There is always that moment that seems like the big bang but in retrospective there were many moments that led to that point. Very often we are unaware of the gradual progression that leads to a certain point. For me it was one class where I thought I finally cracked it, felt like like my lotus was finally blooming.

I did crack it but not in the way I thought I cracked it.


That day I was able to do a full lotus and hold it for a few breath. There was significant pain and I was certain it's an obstacle I needed to overcome with liberation waiting on the other side. Walking back from class felt a bit clumsy and when I arrived home and sat down I realized that something was seriously wrong with my knee, it was really swollen. When I tried to get up again I was unable to put weight on my foot. The pain was getting worse by the minute and my knee was swelling up.


I still wasn't convinced that it was connected to the forceful attempt at the lotus pose, I trusted the teacher and myself and believed strongly that getting hurt in yoga is impossible. After a few days I started connecting the dots and doubt was creeping in. I went through the proper channels, saw some professionals but to be honest none of them was very helpful. I ended up letting time do most of the healing.


The weeks passed by and things started to get better. After one Month I was able to walk without pain and do some simple movements, gradually I found my way to back to yoga. Looking back I feel really blessed that I didn't give up on yoga but instead decided to use this event as a learning experience and evolve from it. I even went back to the same class with that same teacher but I was very different and my experience as a yoga students was no longer the same. 


As terrible as it may sound - this injury was a blessing in disguise and was a huge factor in my journey as a yoga practitioner and student. However, there are probably better ways to arrive at that place without the pain and struggles of an injury.



What changed after that?


1. I changed my perspective on pain and started investigating deeply all uncomfortable sensations. I learned from close observation what are sensations that are useful and what are ones that are not.

Although I gained much experience with that over the years, this is still a work in progress..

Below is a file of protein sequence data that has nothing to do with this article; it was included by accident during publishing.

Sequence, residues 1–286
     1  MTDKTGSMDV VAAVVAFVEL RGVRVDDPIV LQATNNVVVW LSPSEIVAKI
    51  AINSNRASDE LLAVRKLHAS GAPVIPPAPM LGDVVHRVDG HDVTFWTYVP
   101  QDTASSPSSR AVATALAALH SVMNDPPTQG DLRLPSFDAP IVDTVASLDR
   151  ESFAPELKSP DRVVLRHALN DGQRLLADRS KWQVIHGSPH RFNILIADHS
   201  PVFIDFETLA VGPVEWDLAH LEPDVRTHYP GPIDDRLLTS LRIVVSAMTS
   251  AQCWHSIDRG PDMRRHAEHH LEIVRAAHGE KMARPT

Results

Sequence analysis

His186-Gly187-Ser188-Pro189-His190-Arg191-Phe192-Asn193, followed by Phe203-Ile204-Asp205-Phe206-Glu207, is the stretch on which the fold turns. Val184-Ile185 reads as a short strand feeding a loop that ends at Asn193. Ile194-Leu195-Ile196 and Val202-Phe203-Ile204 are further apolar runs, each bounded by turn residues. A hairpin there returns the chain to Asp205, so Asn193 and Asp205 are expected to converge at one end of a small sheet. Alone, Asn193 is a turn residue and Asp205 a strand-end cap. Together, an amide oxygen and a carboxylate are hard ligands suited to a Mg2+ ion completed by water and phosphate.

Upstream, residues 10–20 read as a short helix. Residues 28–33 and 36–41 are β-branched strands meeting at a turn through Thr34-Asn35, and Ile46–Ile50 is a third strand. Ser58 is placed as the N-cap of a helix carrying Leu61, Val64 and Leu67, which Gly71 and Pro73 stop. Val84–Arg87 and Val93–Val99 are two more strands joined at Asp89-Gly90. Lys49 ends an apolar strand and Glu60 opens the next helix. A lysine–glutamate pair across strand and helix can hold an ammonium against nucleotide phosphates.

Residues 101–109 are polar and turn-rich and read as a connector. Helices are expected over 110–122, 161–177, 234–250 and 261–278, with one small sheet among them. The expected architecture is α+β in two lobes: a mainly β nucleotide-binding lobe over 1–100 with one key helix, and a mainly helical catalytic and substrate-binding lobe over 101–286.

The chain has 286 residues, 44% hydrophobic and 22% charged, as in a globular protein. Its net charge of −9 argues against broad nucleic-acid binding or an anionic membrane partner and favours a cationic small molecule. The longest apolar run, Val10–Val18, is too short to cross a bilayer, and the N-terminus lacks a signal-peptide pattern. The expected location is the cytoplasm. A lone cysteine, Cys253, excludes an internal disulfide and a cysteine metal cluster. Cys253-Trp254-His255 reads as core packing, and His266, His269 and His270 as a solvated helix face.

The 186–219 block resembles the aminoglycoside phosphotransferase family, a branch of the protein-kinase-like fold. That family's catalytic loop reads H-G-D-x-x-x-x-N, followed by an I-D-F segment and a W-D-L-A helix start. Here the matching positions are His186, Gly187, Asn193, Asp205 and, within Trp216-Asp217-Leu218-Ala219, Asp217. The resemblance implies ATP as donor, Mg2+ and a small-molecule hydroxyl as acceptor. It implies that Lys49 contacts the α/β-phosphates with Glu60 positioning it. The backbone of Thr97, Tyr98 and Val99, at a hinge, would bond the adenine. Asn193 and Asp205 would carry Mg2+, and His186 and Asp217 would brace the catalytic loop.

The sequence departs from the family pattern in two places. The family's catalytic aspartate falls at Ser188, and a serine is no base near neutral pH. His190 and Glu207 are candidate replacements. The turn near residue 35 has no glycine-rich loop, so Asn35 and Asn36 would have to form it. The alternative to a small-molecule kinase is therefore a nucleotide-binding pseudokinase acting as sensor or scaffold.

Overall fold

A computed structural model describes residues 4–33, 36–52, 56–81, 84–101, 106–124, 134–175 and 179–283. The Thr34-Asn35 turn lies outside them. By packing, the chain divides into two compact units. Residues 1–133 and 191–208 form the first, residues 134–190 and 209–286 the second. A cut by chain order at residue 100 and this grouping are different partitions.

2. I started going deeper into the essence of yoga and its core purpose. I realized very quickly that being able to perform certain positions or movements was definitely not what yoga is about, so, naturally, I let that go and shifted my focus to other aspects of the practice. Yoga postures and movements are essentially a form of mindfulness practice, it is about developing the capacity to pay attention with equanimity which is a non-judgmental, curious, open-hearted attitude.

To be honest - challenging the body in an intelligent way without being ambitious or driven to perform can be a profound experience. BUT, the attitude has to be the right one in order for yoga to have a positive effect.


3. I stopped following instructions blindly not for lack of trust or paranoia but rather for the purpose of taking ownership of my practice. I use the same approach with any health and wellbeing issue I face. I am now the CEO of my physical-mental-health-and-wellbeing, a very open-minded and inclusive CEO, one that never runs away from the role of the decision-maker, grateful for all professionals that give me wonderful suggestions, making sure I pay close attention to the effects they have on my body and mind.


An important side-note: To be perfectly honest I can never be perfect, no one can. Sometimes I do a bit too much or make a wrong movement and end up having some pain for a while. I do make sure I use that as a learning experience and continue to fine tune my practice and adapt it what is appropriate.


4. I study the human anatomy from any perspective that can be useful, whether Western or Eastern, modern or ancient. That is in addition to gaining experiential knowledge which is probably the most important one.

Moving the body intelligently in space is such a valuable skill which doesn't only give us benefits when we practice yoga but more so every time we move in our daily life.



A final thought:

If you ever feel pain during or after your practice - share this with the teacher!

Not only that you will reduce the chances of this pain getting worse, but you will also do that teacher a great service giving them an opportunity to learn and evolve and be more useful to you and others in the future.

Every good yoga teacher is highly interested in your wellbeing and would like nothing more than for you to come out of a yoga practice feeling happy physically, mentally and spiritually.



Thank you all for coming to yoga and allowing me to be of service to you!


Looking forward to practicing with you as the plants around us become more green and the flowers start to bloom.


With love and gratitude,

Oren